Let’s talk about our feelings. Or, at least my feelings. I really am not good at identifying feelings. I have been through hours of therapy over the years and one of the biggest take-aways has been that I am terrible at addressing, accepting, identifying, acknowledging and sharing my feelings. I am really good at expressing my thoughts and opinions, but apparently, those aren’t the same thing. I am not lying when I tell you that I actually have a list I printed off a website (something like “Feelings for Dummies”) so I could peruse a list of feelings and check them off if I was experiencing them. Like Multiple Choice. So, now that I have laid the foundation for my entry today, let us continue…
Warning: this blog may be a bit “all over the place”, but that seems appropriate since we are talking about Feelings. Let me start by telling you about some of my history of not feeling or at least feeling emotions that are mis-labeled.
I remember having a conversation with my husband years ago about how angry I was at some friends. I was fired up and indignant about being left out of information I felt everyone else knew but me. I was ready to just move on and do life without any friends at all. Who needs ’em!? My husband listened patiently for a bit and then said something like, “‘Is it possible that your feelings are just hurt and that makes you sad?” And just like that, I burst into tears. He was right, I was sad and wounded. Anger just felt like a powerful way to express myself. Those other kinds of emotions feel vulnerable and that is extremely hard for me.
Next: When I had Leukemia and didn’t know it yet, there were several symptoms that were unexplainable. No one, including me, could put a finger on anything that might lead to a diagnosis or solution. I was tormented with possible scenarios. I was aware of myself enough to know that life had thrown our family some pretty big curve balls over the past couple of years and that I was barely coping with them. One symptom of my stress was that I didn’t feel anything at all. No highs. No lows. No joy, anger, relief, sadness, fear. It was all the same: numbness.
I began to believe that maybe the permanent lump in my throat was a cluster of emotions that were “stuck” in me–that my many other symptoms were my body’s way of clueing me in that I had some junk that needed to be brought to the surface. I’d stuffed it down so long, it was logical to me that it would start manifesting itself physically. Unfortunately, it was actually Leukemia, but the other conclusion still makes sense to me.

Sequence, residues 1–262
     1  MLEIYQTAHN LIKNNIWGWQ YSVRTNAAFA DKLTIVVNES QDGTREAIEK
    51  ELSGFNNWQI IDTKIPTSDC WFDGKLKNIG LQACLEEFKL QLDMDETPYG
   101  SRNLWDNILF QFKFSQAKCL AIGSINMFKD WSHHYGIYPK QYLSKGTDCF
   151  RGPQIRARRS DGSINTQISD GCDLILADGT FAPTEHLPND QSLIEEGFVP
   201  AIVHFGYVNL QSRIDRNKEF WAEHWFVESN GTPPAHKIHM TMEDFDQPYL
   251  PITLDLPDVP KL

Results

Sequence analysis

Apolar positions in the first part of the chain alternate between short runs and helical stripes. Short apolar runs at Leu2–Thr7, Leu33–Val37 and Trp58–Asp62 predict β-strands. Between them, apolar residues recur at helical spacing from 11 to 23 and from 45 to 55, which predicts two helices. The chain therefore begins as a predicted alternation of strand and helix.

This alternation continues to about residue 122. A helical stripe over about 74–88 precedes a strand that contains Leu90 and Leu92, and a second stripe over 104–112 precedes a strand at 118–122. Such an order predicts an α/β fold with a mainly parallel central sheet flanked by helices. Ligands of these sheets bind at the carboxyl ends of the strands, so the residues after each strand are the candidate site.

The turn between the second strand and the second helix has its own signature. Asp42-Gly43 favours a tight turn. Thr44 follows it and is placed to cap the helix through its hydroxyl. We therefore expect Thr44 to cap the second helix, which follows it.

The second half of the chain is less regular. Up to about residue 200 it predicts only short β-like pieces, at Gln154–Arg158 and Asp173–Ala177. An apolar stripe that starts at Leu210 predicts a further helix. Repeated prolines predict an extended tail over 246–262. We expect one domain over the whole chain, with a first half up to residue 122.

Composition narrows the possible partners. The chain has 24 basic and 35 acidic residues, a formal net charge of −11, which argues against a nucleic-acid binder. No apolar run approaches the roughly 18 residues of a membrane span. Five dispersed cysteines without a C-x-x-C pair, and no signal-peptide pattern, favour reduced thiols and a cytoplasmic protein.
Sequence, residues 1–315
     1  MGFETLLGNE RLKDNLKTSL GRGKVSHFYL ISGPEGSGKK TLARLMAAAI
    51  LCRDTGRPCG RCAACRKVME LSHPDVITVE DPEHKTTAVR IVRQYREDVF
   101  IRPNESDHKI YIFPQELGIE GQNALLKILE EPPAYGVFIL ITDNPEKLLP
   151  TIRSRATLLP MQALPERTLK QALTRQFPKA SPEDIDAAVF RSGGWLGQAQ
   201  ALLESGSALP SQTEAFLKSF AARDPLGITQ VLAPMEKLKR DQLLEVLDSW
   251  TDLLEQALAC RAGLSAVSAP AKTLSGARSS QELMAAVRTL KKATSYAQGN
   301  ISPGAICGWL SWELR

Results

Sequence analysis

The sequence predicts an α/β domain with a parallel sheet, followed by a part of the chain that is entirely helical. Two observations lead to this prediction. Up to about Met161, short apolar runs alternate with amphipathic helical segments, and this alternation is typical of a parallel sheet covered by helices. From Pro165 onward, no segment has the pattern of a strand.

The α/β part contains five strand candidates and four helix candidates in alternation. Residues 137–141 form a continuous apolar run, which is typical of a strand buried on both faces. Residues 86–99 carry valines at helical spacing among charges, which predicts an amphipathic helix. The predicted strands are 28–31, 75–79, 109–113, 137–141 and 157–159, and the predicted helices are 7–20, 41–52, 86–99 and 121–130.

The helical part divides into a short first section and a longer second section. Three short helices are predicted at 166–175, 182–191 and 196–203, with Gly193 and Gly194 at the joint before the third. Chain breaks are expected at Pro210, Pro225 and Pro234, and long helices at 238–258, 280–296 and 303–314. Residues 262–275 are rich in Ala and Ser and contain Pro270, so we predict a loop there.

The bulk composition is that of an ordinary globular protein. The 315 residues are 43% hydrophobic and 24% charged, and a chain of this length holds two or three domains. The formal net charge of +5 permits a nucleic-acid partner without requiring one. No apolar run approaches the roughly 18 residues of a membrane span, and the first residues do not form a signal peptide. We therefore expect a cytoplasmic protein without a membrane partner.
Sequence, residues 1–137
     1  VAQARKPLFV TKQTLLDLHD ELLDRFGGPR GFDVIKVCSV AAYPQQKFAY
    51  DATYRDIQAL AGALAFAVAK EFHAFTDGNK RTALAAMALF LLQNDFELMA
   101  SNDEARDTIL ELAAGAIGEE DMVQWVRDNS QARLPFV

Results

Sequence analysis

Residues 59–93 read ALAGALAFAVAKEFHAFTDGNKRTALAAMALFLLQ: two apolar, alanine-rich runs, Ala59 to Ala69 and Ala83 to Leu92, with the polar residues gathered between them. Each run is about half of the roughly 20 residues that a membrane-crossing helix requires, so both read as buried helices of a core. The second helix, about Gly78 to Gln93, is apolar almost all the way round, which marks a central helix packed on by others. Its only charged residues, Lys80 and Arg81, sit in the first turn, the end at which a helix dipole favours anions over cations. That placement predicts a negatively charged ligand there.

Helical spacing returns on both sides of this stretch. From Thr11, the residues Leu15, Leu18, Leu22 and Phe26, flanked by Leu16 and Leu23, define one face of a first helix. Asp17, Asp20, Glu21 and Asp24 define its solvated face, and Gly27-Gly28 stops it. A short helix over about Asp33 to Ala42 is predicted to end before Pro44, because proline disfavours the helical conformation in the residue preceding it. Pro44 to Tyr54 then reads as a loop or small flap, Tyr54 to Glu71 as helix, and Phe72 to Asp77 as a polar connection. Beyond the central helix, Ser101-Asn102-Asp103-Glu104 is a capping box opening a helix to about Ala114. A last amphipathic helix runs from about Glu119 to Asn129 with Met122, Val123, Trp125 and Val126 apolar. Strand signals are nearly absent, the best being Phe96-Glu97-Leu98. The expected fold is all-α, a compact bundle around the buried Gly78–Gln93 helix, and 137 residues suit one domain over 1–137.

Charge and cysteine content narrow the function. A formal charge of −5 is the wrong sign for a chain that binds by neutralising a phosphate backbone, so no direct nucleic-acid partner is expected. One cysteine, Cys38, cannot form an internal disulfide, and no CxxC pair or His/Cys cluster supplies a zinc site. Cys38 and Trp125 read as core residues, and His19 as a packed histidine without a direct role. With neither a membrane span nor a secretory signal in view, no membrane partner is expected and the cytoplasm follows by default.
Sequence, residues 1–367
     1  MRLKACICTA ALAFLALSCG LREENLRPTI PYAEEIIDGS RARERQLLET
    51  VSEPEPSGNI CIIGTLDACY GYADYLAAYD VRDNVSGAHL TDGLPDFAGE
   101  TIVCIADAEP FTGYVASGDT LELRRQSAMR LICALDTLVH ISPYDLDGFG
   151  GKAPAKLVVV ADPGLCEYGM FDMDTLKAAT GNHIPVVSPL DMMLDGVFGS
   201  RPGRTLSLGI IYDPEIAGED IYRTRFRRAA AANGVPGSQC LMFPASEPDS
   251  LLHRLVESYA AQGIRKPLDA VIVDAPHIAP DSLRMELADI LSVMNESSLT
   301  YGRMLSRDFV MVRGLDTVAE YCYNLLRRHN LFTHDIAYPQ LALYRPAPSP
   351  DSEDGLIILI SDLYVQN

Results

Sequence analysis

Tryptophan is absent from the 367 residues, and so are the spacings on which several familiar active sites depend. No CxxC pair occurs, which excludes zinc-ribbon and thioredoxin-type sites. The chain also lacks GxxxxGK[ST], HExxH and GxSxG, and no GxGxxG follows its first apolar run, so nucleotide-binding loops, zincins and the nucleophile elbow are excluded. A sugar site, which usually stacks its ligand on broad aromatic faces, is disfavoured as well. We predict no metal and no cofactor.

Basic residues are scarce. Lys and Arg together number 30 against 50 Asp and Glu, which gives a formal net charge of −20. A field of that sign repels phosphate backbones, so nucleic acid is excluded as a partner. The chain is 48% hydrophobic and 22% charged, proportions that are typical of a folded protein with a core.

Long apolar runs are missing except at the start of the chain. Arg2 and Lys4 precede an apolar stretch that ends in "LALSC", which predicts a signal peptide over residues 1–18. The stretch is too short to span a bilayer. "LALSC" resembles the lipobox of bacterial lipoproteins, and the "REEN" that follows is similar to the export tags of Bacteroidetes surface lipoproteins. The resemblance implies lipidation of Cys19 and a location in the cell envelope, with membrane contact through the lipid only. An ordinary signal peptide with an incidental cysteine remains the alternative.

Though I am getting better at identifying my emotions, mostly due to 12-Step recovery principles, I still struggle identifying, dealing with and accepting my emotions. I was reminded of this in full color when I was in California helping my college student get settled. More specifically, I was kicked in the teeth with the realization that I had been stuffing some significant feelings about him being 21, not needing me, living in an apartment, and probably (and hopefully) never living at home again.
And here’s the main problem with not dealing with your emotions as they come; they tend to sneak up and surprise you when you are not expecting them. Something cracks the dam and they come gushing out sideways in the middle of Goodwill over a $9.00 lamp and a $3.00 picture frame.
You act like a lunatic because you chose to “deal with it later” when you felt that sadness and fear and concern come on you during the summer. But today is the “later” and you have dozens of emotions that are spinning in you like a tornado. And the damage is the same; random and powerful.
While I was in California, when circumstances were threatening to overwhelm me, a wise friend said “sometimes you just have to do your job. You can set your emotions on the shelf for a bit. They can come out later for a visit. But they can’t visit right now.” That was a very helpful perspective that got me through the next few hours of crucial decisions I had to make. But as I thought more about it, I said to her, “the problem for me is that I tend to forget to invite them to come for a visit so they just pop in and surprise me when I least expect it!” Like, in the middle of Goodwill, for pete’s sake.
As I sat to write this morning I prayed and asked God what exactly He wanted me to say. I was floundering a bit between a few struggles I have been having that I wanted to get out of my head. And, as usual, He showed me. I was leaning towards writing about this “Feelings” crap, but wasn’t convinced that’s what He had in mind. I turned to the reading for this date in my Recovery book and I started to cry. Here is what one of the paragraphs said:
“…I have learned that feelings aren’t shortcomings. The true nature of my problem was my stubborn refusal to acknowledge feelings, to accept them, and to let them go. I have very little power over what feelings arise, but what I choose to do about them is my responsibility. Today I can accept my feelings, share about them with others, recognize that they are feelings, not facts, and then let them go.”
God gave me feelings and the ability, with His help, to handle each of them. Sequestering them on a shelf or shoving them deep down in my soul only leaves me susceptible to surprise visits. It’s ever so much easier to deal with my feelings one at a time.
Maybe you struggle with this too. Let me know if you need my list of emotions for dummies and join me in doing the work of identifying, accepting and letting go of your feelings before they do what mine did last week. Trust me, it’s not pretty.